Entry Requirements

Grade B GCSE Physics or

Grade A GCSE Additional Science

Grade 5 GCSE Maths

Course Structure


Module 1 – Development of practical skills in Physics
Module 2 – Foundations of Physics
Module 3 – Forces and motion
Module 4 – Electrons, waves and photons

Assessed by 2 exams,each covering all 4 modules.


The 4 AS modules, and 2 further modules:
Module 5 – Newtonian world and astrophysics
Module 6 – Particles and medical physics

Assessed by 3 exams:
Modelling physics (covering modules 1,2,3 and 5)
Exploring physics (covering modules 1,2,4 and 6)
Unified physics (covering all modules)

For more information contact

Miss V Storey

A-Level (AS & A2) Course Structure

AS Level (H156)

2 exams covering the following 4 modules:

Module 1 – Development of practical skills in Physics

Learn and use the skills to plan, implement, analyse and evaluate a

level 3 standard practical.

Module 2 – Foundations of Physics

How to make measurements, recalling and using standard physical quantities and units. Scalars and vectors.

Module 3 – Forces and motion

Students study forces in the world around us and their effect on the way things move and the shape of objects.

Module 4 – Electrons, waves and photons

Pupils study how we can utilise electricity, looking at electric circuits in detail. They also study waves and their applications. They will explore how scientific knowledge can be used to reduce risk in society. This topic also introduces the phenomena of quantum physics, looking at how theories have developed through history as well as how physics applies to the very, very small.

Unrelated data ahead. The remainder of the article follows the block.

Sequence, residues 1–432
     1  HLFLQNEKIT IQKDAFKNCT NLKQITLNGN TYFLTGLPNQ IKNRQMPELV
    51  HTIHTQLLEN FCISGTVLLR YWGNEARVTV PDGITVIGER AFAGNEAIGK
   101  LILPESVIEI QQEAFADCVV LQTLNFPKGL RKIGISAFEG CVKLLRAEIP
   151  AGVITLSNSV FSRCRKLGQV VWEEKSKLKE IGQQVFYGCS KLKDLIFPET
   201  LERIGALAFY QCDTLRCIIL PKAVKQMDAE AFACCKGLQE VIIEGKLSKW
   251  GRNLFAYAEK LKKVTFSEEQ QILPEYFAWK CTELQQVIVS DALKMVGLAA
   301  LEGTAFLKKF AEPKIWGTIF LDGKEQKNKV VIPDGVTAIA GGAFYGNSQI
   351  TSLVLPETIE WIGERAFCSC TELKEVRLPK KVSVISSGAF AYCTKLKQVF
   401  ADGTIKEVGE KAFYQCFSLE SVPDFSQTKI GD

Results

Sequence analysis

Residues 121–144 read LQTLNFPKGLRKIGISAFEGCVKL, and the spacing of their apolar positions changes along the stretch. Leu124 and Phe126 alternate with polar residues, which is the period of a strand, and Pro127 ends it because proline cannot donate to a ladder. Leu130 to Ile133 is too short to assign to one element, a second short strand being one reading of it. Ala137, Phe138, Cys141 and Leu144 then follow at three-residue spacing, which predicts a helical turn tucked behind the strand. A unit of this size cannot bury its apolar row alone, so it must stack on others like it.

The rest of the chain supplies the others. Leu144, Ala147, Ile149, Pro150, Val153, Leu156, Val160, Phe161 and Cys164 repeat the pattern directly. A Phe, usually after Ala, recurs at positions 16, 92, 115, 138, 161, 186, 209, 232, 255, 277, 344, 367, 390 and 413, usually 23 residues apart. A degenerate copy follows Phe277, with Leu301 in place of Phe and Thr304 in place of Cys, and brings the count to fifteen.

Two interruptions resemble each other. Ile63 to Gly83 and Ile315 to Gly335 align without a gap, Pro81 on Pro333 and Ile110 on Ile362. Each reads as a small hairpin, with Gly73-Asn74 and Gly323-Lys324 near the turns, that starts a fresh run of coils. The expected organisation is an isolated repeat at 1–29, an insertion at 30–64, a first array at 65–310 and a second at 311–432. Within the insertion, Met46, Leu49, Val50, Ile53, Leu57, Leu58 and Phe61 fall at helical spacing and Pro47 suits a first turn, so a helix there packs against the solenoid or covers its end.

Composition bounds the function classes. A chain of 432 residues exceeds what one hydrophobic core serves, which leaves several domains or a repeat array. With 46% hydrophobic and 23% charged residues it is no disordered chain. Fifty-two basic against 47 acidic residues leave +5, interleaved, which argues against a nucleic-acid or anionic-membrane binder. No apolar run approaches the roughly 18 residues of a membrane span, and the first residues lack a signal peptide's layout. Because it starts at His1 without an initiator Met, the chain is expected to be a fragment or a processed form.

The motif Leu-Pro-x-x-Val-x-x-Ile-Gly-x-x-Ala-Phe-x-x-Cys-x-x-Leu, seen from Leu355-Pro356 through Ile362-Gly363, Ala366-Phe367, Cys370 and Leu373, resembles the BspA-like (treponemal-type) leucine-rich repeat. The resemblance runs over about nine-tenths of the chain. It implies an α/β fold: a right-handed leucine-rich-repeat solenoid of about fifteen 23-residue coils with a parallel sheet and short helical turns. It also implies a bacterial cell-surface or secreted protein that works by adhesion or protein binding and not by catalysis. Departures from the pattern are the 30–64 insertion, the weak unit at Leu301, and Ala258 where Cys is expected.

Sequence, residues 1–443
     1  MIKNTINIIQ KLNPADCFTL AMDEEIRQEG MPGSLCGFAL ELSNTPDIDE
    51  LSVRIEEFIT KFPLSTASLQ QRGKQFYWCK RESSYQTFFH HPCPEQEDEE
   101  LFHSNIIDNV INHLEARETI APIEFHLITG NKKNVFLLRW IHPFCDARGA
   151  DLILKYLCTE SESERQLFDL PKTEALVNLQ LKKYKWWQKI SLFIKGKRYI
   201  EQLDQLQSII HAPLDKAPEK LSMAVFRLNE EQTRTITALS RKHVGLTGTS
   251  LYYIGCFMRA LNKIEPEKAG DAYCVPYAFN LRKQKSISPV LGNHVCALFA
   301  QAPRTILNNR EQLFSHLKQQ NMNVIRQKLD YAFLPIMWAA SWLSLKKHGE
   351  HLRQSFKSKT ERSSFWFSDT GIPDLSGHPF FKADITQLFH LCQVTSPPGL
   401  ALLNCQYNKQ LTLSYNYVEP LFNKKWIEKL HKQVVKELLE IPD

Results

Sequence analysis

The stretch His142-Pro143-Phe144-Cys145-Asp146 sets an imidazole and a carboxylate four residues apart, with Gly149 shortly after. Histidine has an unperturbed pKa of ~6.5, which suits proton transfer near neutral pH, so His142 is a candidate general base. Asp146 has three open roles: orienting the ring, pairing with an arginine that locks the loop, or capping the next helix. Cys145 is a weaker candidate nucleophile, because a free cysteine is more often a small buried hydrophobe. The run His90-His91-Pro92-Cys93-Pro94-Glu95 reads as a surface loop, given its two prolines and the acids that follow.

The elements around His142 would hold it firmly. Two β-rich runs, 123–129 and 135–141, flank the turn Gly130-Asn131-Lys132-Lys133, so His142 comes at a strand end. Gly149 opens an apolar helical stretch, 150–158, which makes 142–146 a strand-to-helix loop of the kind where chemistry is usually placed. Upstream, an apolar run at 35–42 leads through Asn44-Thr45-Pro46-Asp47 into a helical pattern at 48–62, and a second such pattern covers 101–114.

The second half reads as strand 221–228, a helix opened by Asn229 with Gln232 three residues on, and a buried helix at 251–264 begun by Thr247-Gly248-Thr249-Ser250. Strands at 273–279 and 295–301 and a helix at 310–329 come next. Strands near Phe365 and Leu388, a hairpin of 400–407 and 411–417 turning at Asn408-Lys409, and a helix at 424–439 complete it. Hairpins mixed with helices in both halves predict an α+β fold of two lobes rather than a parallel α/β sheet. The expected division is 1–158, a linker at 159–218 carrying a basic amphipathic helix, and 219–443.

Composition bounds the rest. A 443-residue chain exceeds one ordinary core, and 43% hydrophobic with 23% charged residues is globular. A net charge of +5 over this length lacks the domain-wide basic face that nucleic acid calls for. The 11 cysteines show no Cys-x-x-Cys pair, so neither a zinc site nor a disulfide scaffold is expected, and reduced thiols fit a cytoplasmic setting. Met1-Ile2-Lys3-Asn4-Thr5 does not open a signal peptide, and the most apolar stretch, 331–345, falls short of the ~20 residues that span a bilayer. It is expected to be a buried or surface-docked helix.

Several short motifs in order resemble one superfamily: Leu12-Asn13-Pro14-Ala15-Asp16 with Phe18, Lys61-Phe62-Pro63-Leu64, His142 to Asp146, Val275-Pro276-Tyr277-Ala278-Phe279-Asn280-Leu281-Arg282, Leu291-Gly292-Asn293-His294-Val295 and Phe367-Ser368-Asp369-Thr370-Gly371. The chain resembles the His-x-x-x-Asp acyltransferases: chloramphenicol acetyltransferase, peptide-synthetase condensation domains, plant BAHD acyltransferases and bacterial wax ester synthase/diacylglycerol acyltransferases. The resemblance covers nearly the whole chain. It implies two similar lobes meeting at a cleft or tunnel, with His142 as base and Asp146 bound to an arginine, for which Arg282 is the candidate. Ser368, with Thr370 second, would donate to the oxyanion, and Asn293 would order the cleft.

A2 Level (H556)

3 exams in total, covering the 4 modules from AS, as well as 2 additional modules:

Module 5 – Newtonian world and astrophysics

Students will develop practical skills as they study how Newton’s ideas have helped explain the physical phenomena around us, in relation to circular motion of the planets, benefits and catastrophic effects of forced and natural oscillations, gravity, and thermal physics.

Module 6 – Particles and medical physics

This module covers the physics behind some of the recent medical advances in imaging the body, and how science can be used to benefit society. It also looks at the most recent discoveries to do with particle and nuclear physics.

Who should do AS/A2 Physics?

Physics is for anyone with an interest in explaining the world around them, from the fate of the universe to how an x-ray machine works to why we slip on ice.

People studying A level Physics can go on to become solicitors, engineers, architects, doctors, vets, dentists, computer games designers, teachers, work in the oil industry, management consultants, lawyers, research scientists and so much more…

A level physics is highly thought of by all universities, and very useful for getting on to a wide range of university courses.

Opportunities for enrichment activities

Trips vary from year to year, in the past they have included:

An end of year 12 project (Physics of film, books and theme parks) with a trip to Flamingo Land

A trip to Durham University (Year 12 & 13) for the Christmas Lectures.

Visits to the Medical Physics department of the RVI during Year 13

CERN particle acceleration in Geneva

Kielder Observatory

After school, staff accompany pupils from Years 12 & 13 to any appropriate lectures in the Newcastle University Public Lecture series.

Pupils are encouraged to arrange cafe scientifique events in school and to apply for Nuffield Summer Placements.